If the same punishment of death is denounced for these three crimes, there is nothing to compare; the individual is left free to choose that crime which appears most easy of execution, and least liable to be detected.
Punishments may be made commensurable in two ways: 1. By adding to a certain punishment another quantity of the same kind; for example, to five years of imprisonment for a certain crime, two more years for a certain aggravation: 2. By adding a punishment of a different kind; for example, to five years of imprisonment for a certain crime, a mark of disgrace for a certain aggravation.
Punishment can act as a preventative only when the idea of it, and of its connexion with the crime, is present to the mind. Now, to be present, it must be remembered; and to be remembered, it must have been learnt. But of all punishments that can be imagined, there are none of which the connexion with the offence is either so easily learnt, or so efficaciously remembered, as those of which the idea is already in part associated with some part of the offence, which is the case when the one and the other have some circumstance that belongs to them in common.
The law of retaliation is admirable in this respect. An eye for an eye, and a tooth for a tooth. The most imperfect intelligence can connect these ideas. This rule of retaliation is, however, rarely practicable: it is too unequable and too expensive; recourse must therefore be had to other sources of analogy. We shall therefore recur to this subject in the next chapter.
A mode of punishment is exemplary in proportion to its apparent, not to its real magnitude. It is the apparent punishment that does all the service in the way of example. A real punishment, which should produce no visible effects, might serve to intimidate or reform the offender subjected to it; but its use, as an example to the public, would be lost.
The object of the legislator ought therefore to be, so far as it may be safely practicable, to select such modes of punishment as, at the expense of the least real, shall produce the greatest apparent suffering; and to accompany each particular mode of punishment with such solemnities as may be best calculated to further this object.
In this point of view, the auto-da-fés would furnish most useful models for acts of justice. What is a public execution? It is a solemn tragedy, which the legislator presents before an assembled people—a tragedy truly important, truly pathetic, by the sad reality of its catastrophe, and the grandeur of its object. The preparation for it, the place of exhibition, and the attendant circumstances, cannot be too carefully selected, as upon these the principal effect depends. The tribunal, the scaffold, the dresses of the officers of justice, the religious service, the procession, every kind of accompaniment, ought to bear a grave and melancholy character. The executioners might be veiled in black, that the terror of the scene might be heightened, and these useful servants of the state screened from the hatred of the people.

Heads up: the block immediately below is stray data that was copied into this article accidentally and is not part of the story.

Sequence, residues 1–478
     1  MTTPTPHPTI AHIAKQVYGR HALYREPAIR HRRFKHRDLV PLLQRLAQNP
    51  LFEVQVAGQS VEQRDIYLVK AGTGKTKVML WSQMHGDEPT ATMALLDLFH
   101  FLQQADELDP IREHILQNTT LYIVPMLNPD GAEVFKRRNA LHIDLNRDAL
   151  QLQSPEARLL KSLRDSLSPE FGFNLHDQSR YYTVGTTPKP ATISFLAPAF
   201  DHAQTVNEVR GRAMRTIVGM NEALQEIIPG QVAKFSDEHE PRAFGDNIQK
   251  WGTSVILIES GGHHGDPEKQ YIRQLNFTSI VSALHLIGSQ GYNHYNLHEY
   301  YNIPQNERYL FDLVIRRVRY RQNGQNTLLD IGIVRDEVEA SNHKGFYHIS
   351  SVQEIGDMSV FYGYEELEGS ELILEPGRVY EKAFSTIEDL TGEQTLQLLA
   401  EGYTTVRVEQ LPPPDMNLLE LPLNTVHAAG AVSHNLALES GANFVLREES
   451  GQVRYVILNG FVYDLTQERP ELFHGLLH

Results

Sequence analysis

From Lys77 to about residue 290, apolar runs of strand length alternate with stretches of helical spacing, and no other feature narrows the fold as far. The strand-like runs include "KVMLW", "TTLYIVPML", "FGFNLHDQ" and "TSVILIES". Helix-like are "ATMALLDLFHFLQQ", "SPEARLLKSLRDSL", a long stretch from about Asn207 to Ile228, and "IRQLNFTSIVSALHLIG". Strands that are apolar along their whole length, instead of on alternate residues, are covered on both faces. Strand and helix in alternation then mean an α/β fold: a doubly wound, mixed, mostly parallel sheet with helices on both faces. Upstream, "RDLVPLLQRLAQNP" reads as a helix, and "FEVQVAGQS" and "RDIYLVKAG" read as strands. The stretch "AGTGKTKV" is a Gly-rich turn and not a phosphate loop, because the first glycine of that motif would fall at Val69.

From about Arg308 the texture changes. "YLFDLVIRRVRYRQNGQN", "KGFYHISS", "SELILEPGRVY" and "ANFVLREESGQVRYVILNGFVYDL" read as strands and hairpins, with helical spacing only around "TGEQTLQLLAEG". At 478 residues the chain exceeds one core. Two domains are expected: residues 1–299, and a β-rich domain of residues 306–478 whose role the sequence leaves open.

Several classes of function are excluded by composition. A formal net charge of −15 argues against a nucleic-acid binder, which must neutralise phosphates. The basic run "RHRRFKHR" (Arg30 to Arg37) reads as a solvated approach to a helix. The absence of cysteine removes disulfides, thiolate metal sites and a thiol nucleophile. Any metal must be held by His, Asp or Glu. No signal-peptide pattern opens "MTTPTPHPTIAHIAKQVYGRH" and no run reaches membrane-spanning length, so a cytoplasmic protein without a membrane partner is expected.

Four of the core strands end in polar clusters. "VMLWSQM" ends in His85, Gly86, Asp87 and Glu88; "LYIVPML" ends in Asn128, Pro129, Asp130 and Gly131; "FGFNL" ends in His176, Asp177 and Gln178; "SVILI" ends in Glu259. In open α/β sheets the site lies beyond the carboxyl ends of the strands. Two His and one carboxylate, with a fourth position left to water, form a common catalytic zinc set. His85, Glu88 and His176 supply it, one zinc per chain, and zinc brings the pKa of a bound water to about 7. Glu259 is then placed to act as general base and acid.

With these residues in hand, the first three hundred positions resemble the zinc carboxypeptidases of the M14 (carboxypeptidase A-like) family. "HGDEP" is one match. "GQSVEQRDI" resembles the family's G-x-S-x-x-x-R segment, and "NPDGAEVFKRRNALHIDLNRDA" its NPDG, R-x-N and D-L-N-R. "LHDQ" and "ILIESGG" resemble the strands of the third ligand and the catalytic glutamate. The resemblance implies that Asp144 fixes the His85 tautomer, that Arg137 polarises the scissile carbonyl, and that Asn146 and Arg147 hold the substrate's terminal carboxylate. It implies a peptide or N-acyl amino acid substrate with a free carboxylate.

Care must however be taken lest punishment become unpopular and odious through a false appearance of rigour.
If any mode of punishment is more apt than another to produce superfluous and needless pain, it may be styled unfrugal; if less, it may be styled frugal. The perfection of frugality in a mode of punishment, is where not only no superfluous pain is produced on the part of the person punished, but even that same operation, by which he is subjected to pain, is made to answer the purpose of producing pleasure on the part of some other person.
Pecuniary punishments possess this quality in an eminent degree: nearly all the evil felt by the party paying, turns to the advantage of him who receives.
There are some punishments which, with reference to the public expense, are particularly unfrugal: for example, mutilations, applied to offences of frequent occurrence, such as smuggling. When an individual is rendered unable to work, he must be supported by the state, or rendered dependent upon public charity, and thus fixed as a burthen upon the most benevolent.
If the statement of Filangieri is correct, there were constantly in the state-prisons of Naples more than forty thousand idle prisoners. What an immense loss of productive power! The largest manufacturing town in England scarcely employs a greater number of workmen.
By the military laws of most countries, deserters are still condemned to death. It costs little to shoot a man; but every thing which he might be made to produce, is lost; and to supply his place, a productive labourer must be converted into an unproductive one.
Subserviency to Reformation.
All punishment has a certain tendency to deter from the commission of offences; but if the delinquent, after he has been punished, is only deterred by fear from the repetition of his offence, he is not reformed. Reformation implies a change of character and moral dispositions.